Shift In Thinking – Heal Low Moods

Shift In Thinking
Written by Susan

A shift in thinking is by far the best method of self-correcting a low mood that comes about due to physical illness or disability.

You might agree with this advice, but be at a loss when it comes to knowing how to activate the shift in thinking switch. I struggled with this question for a long time.

A low mood can and does fall upon me at the strangest times.

The last time, for example, was when I went grocery shopping with my partner in preparation of Thanksgiving dinner. In the store, she zooms from one aisle to another pushing the grocery cart like she’s in a road race. Food items are checked off a list as they drop into the basket. There is a definite task-in-motion momentum.

I starting reflecting back to when I could walk and push a grocery cart.

Funny how we do everyday tasks without being aware of them. It’s not like we stop midstream to reflect on our feelings when doing mundane chores, but the experience of loss has a way of bringing insight forward.

Suddenly, somewhere between the deli meats and frozen food section, I felt incapable and insignificant. As a result, my mood dropped.

The feelings associated with low moods differ for everyone, but for me, just then, it felt as though I had put on an uncomfortably heavy sweater, and an invisible helmet that darkened my view. Ugh!

Twenty minutes or more had passed before it occurred to me that I did not feel this yucky feeling when I first went into the store.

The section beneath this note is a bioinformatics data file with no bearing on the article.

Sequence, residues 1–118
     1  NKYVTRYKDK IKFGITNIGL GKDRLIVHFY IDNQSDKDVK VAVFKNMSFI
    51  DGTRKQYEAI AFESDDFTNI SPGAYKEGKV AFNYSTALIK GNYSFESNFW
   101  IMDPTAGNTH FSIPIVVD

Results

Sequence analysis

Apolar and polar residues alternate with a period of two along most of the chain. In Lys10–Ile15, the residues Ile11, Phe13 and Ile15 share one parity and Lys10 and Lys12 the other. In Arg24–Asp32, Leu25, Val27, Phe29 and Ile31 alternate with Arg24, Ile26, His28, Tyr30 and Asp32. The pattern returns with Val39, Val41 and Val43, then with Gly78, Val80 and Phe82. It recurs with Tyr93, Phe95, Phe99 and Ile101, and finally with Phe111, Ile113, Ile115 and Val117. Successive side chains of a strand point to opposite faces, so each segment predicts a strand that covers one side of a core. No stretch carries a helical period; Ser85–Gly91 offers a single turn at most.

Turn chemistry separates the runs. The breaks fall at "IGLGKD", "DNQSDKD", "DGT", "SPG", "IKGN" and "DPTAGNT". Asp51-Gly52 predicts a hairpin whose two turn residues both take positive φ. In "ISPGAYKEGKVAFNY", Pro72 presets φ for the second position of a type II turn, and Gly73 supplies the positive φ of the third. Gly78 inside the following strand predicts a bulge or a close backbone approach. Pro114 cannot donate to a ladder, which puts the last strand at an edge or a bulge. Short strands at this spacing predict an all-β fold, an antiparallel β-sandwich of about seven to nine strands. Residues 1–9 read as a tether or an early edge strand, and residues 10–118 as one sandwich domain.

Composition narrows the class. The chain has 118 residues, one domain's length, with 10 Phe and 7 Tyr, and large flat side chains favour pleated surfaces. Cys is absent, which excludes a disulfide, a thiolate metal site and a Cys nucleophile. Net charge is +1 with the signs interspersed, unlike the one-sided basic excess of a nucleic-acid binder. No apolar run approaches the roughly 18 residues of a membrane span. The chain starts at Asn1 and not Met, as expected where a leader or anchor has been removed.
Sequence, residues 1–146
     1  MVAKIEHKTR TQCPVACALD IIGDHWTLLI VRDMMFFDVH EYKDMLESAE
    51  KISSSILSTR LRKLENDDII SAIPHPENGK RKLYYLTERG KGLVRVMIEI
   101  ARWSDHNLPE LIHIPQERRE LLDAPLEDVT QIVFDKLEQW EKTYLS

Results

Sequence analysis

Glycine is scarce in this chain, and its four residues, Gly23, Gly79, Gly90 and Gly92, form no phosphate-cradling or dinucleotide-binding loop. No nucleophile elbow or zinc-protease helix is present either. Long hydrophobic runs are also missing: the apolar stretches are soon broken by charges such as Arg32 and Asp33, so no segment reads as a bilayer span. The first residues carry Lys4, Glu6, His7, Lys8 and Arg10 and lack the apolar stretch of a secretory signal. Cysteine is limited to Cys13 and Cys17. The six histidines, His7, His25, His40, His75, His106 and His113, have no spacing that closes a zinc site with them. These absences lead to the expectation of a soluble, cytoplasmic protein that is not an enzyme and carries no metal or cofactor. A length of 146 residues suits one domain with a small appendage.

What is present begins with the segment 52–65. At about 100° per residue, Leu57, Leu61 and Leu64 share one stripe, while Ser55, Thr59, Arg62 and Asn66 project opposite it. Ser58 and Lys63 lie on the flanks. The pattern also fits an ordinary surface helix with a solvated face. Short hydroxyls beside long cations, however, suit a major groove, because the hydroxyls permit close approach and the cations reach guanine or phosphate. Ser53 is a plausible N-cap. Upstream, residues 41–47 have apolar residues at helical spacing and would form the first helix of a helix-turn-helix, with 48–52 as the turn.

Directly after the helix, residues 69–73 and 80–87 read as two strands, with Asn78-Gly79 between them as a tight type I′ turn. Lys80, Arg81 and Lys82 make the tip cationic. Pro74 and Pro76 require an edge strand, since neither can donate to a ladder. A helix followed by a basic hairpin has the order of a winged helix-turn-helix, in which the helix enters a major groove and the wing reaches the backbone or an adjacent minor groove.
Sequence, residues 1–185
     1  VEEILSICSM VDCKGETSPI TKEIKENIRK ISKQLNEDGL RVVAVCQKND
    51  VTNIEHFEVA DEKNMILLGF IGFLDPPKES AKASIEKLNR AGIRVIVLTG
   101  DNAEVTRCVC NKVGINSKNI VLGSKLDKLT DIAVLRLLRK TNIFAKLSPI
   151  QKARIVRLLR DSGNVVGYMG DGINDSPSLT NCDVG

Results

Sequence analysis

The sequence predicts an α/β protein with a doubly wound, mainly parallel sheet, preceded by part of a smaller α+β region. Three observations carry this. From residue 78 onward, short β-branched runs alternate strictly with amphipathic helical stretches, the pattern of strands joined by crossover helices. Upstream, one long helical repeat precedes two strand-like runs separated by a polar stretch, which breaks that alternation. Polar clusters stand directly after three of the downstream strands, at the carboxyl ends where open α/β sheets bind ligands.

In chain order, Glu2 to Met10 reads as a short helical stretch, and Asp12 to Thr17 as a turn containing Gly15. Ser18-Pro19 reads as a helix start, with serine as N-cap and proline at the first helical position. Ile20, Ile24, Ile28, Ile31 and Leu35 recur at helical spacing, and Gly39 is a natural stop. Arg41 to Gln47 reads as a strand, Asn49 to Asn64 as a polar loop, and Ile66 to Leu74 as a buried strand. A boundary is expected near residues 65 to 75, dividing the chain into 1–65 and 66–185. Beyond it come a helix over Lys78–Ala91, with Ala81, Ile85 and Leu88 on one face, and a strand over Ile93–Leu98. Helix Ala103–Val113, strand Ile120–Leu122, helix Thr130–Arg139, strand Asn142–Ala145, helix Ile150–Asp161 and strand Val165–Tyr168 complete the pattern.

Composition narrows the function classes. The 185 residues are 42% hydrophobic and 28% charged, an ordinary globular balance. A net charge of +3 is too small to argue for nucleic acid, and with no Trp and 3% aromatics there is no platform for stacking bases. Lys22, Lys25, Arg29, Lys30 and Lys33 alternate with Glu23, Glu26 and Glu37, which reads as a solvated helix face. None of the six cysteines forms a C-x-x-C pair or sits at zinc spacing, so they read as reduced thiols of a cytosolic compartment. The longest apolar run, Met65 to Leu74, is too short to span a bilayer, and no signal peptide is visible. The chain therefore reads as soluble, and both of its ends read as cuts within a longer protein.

I stopped by the tomatoes to think about what had changed. Upon reflection, I noticed unsolicited thoughts had arisen within my mind about my previous abilities.

“Well, the past isn’t happening right now,” I told myself, “so what’s the point in looking backward?”

Shift In Thinking

And just then I was able to effortlessly shift my thinking towards a different and more positive direction.

I realized that, not only, had I completely made up the thought – that not pushing a cart meant I was insignificant, but that this thought alone was the cause of my low mood.

Of course, this low mood would have passed eventually –  but by taking the time to look within, I was able to end my unnecessary suffering much sooner.

By the time I rejoined my partner, all was well again.

I’ve been doing a lot of “thinking” about thinking lately as I move forward, how about you?


About the author


Living Well Today is a show that explores what it means to live well. Especially, when people find themselves challenged by significant changes in their health. Our host, Susan, lives with a progressive neuromuscular disease known as CMT, and she showcases guest interviews that are heartfelt and packed with insights.

Conversations here are relaxed and heartfelt, so grab a cuppa of something and join us. If you like what you hear, have questions, or want to learn how to be on our show, then we’d love to hear from you through our contact page. Be sure to subscribe to our show on iTunes and come back often. Here’s to living well today!

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